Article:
Something very important - make sure your work area is level. If it isn't, your mold will not be level either. Also, make sure you're working in a room-temperature environment. This stuff doesn't give off horribly toxic fumes so working indoors is ok, but if it's too cool or too hot, it'll affect the materials.

Watch some videos on Youtube about how it's all done and you should be good to go.

Molding and casting takes a bit of prep work but it's really not that difficult if you're at all handy. It just takes a bit of brain work to make sure it all goes smoothly. I've done many an item and it's all down to the prep work. Surprises are not cool so just make sure you have everything you need before you start mixing your materials so you don't waste stuff.

Have fun and good luck!
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Last edited by CrazyBoy78; 06-25-2018 at 10:57 AM.
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Old 06-25-2018, 11:38 AM   #9 (permalink)
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Quote:
Originally Posted by CrazyBoy78 View Post
Make sure the resin you use is the correct one for the job. Smooth-On has many types of materials. For something like a monitor bracket on a treadmill, you need to get something that will be able to handle that.

I'd suggest something like Smooth Cast 380 or 385 or even Smooth Cast Onyx. Won't need more than the 2lb container. Now, you'll need to get some casting rubber. I'd suggest Oomoo 25 or 30. Easy to use and smells kinda nice, ha! If you were doing multiples, I'd suggest a more durable rubber, but this stuff will do you fine (usually good for about 20 pulls.)

Both of the above are mixed by volume, not by weight, so you don't need to worry about getting a scale, just make sure you have the same amount of each part and you're golden.

For that part, you'll have to make it a 2 part mold, so you'll also need some mold release. Might sound funny but if you get some regular KY lubricant (from the drug store), that works great. That'll prevent the molds from sticking together when you pour the second half, otherwise, you'll have to cut the part out (been there, done that. So not cool). It's also water-soluble, so you won't risk the original part getting gucked up.

You'll also need some materials for building walls around your piece and some hot glue to stick them all down with (I also use Lego for building walls around my pieces sometimes). You can also use some thin plywood or whatever else you have lying around that isn't porous and has a flat edge.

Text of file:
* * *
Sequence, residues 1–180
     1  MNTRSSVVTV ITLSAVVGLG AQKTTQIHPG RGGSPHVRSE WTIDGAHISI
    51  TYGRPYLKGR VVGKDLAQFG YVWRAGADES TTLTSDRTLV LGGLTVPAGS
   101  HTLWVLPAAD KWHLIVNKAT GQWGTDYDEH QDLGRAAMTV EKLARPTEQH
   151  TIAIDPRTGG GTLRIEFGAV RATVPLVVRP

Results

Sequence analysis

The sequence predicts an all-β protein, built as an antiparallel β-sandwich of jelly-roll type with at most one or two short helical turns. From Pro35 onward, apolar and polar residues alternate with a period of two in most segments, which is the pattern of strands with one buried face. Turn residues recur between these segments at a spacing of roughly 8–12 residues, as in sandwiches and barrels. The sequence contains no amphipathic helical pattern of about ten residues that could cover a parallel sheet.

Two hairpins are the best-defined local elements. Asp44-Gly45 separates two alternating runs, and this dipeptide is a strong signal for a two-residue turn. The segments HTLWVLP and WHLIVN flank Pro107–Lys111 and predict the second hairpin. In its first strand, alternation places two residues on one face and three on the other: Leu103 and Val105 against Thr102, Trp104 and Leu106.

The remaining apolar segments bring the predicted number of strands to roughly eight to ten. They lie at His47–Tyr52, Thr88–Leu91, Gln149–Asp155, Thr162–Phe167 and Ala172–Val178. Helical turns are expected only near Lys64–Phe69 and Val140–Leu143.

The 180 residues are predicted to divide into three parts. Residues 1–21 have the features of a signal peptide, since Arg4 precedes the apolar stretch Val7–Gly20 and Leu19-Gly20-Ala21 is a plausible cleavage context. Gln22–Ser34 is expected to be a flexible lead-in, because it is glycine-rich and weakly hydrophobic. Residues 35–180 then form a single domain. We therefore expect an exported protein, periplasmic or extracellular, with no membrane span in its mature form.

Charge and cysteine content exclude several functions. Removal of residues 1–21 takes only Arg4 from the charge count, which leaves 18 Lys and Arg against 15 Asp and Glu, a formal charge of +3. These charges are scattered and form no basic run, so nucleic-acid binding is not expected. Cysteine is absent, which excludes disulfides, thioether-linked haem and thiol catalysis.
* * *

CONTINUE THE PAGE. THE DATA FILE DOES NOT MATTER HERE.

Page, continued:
Also get yourself some disposable paper or plastic cups/containers of the appropriate size and a few wooden stirring sticks (paint sticks work well for bigger jobs).

Also get yourself a bunch of disposable gloves. This stuff isn't corrosive, but it's a pain to totally wash off. Make sure you cover your work area too as this isn't something you want to get all over a table.

Something very important - make sure your work area is level. If it isn't, your mold will not be level either. Also, make sure you're working in a room-temperature environment. This stuff doesn't give off horribly toxic fumes so working indoors is ok, but if it's too cool or too hot, it'll affect the materials.

Watch some videos on Youtube about how it's all done and you should be good to go.

Molding and casting takes a bit of prep work but it's really not that difficult if you're at all handy. It just takes a bit of brain work to make sure it all goes smoothly. I've done many an item and it's all down to the prep work. Surprises are not cool so just make sure you have everything you need before you start mixing your materials so you don't waste stuff.

Have fun and good luck!
Dang. Thats alot of info haha. Ok. I will hit up the craft store and pick up the items.

What im wondering is, do i just bury the whole bracket in liqued rubber or silicon, then when it is dry, somehow cut the bracket out?

Thanks. I want to make sure i get this right haha
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Old 06-25-2018, 12:08 PM   #10 (permalink)
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Every question you just asked is answered in the video tutorials I linked. More here - https://www.smooth-on.com/tutorials/

Make sure you watch these all thoroughly, the materials aren't cheap and you'll waste a lot if you aren't informed and prepared.